Karl Popper was born in Vienna (then in Austria-Hungary) in 1902, to upper middle-class parents. All of Karl Popper's grandparents were Jewish, but the Popper family converted to Lutheranism before Karl was born, and so he received Lutheran baptism. They understood this as part of their cultural assimilation, not as an expression of devout belief. Karl's father Simon Siegmund Carl Popper was a lawyer from Bohemia and a doctor of law at the Vienna University, and mother Jenny Schiff was of Silesian and Hungarian descent. After establishing themselves in Vienna, the Poppers made a rapid social climb in Viennese society: Simon Siegmund Carl became a legal partner of Vienna's liberal mayor Raimond Grübl and, after his death in 1898, took over the firm (Karl received his middle name from the mayor). His father was a bibliophile who had 12,000–14,000 volumes in his personal library. Popper inherited both the library and the disposition from him.
Popper left school at the age of 16 and attended lectures in math, physics, philosophy, psychology and the history of music as a guest student at the University of Vienna. In 1919, Popper became attracted by Marxism and subsequently joined the Association of Socialist School Students. He also became a member of the Social Democratic Workers' Party of Austria, which was at that time a party that fully adopted the Marxist ideology. After the June 15, 1919 street battle in the Hörlgasse, when police shot eight of his unarmed party comrades, he became disillusioned by what he saw to be the pseudo-scientific historical materialism of Marx, abandoned the ideology, and remained a supporter of social liberalism throughout his life.
He worked in street construction for a short amount of time, but was unable to cope with the heavy labour. Continuing to attend university as a guest student, he started an apprenticeship as cabinetmaker, which he completed as a journeyman. He was dreaming at that time of starting a daycare facility for children, for which he assumed the ability to make furniture might be useful. After that he did voluntary service in one of psychoanalyst Alfred Adler's clinics for children. In 1922, he did his matura by way of a second chance education and finally joined the University as an ordinary student. He completed his examination as an elementary teacher in 1924 and started working at an after-school care club for socially endangered children. In 1925 he went to the newly founded Pädagogisches Institut and continued studying philosophy and psychology. Around that time he started dating Josephine Anna Henninger, later to become his wife.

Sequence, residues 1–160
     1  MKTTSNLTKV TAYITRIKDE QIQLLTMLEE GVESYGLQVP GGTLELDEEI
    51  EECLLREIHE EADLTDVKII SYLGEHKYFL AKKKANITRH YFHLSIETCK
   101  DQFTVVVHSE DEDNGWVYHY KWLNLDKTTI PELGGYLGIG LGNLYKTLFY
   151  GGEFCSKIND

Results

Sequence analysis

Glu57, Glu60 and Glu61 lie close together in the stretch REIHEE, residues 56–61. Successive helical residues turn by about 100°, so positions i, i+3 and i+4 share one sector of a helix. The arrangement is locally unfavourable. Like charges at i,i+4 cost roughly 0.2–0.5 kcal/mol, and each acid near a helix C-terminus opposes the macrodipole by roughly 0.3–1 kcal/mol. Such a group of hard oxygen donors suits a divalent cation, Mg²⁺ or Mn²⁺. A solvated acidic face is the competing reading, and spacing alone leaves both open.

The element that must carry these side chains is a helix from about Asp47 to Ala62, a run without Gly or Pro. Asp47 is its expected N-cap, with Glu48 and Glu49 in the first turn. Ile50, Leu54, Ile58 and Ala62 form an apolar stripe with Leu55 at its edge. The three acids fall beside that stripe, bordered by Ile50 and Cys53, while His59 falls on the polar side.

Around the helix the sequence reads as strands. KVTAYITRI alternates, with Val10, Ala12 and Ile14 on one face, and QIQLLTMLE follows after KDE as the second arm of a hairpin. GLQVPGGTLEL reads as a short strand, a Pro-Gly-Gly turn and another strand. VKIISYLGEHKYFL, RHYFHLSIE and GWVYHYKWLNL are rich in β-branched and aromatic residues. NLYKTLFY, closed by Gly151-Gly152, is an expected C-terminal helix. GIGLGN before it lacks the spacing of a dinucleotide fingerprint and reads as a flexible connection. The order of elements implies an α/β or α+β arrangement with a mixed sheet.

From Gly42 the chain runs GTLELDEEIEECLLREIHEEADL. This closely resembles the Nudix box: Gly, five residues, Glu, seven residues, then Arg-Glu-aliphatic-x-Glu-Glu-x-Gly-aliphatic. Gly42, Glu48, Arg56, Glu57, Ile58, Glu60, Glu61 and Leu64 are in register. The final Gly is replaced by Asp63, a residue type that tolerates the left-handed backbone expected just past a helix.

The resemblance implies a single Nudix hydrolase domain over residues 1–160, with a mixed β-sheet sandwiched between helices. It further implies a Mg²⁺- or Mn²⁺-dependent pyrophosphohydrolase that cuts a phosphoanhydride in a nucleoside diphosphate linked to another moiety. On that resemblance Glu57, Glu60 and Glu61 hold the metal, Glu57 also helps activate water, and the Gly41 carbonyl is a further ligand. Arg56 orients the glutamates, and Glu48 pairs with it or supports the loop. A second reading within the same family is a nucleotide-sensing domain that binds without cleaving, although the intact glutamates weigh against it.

In 1928, he earned a doctorate in psychology, under the supervision of Karl Bühler. His dissertation was entitled "Die Methodenfrage der Denkpsychologie" (The question of method in cognitive psychology). In 1929 he obtained the authorization to teach math and physics in secondary school, which he started doing. He married in 1930. Fearing the rise of Nazism and the threat of the Anschluss, he started to use the evenings and the nights to write his first book Die beiden Grundprobleme der Erkenntnistheorie. He needed to publish one in order to get some academic position in a country that was safe for people of Jewish descent. However, he ended up not publishing the two-volume work, but a condensed version of it with some new material, Logik der Forschung (The Logic of Scientific Discovery), in 1934. Here, he criticised psychologism, naturalism, inductionism, and logical positivism, and put forth his theory of potential falsifiability as the criterion demarcating science from non-science. In 1935 and 1936, he took unpaid leave to go to England for a study visit.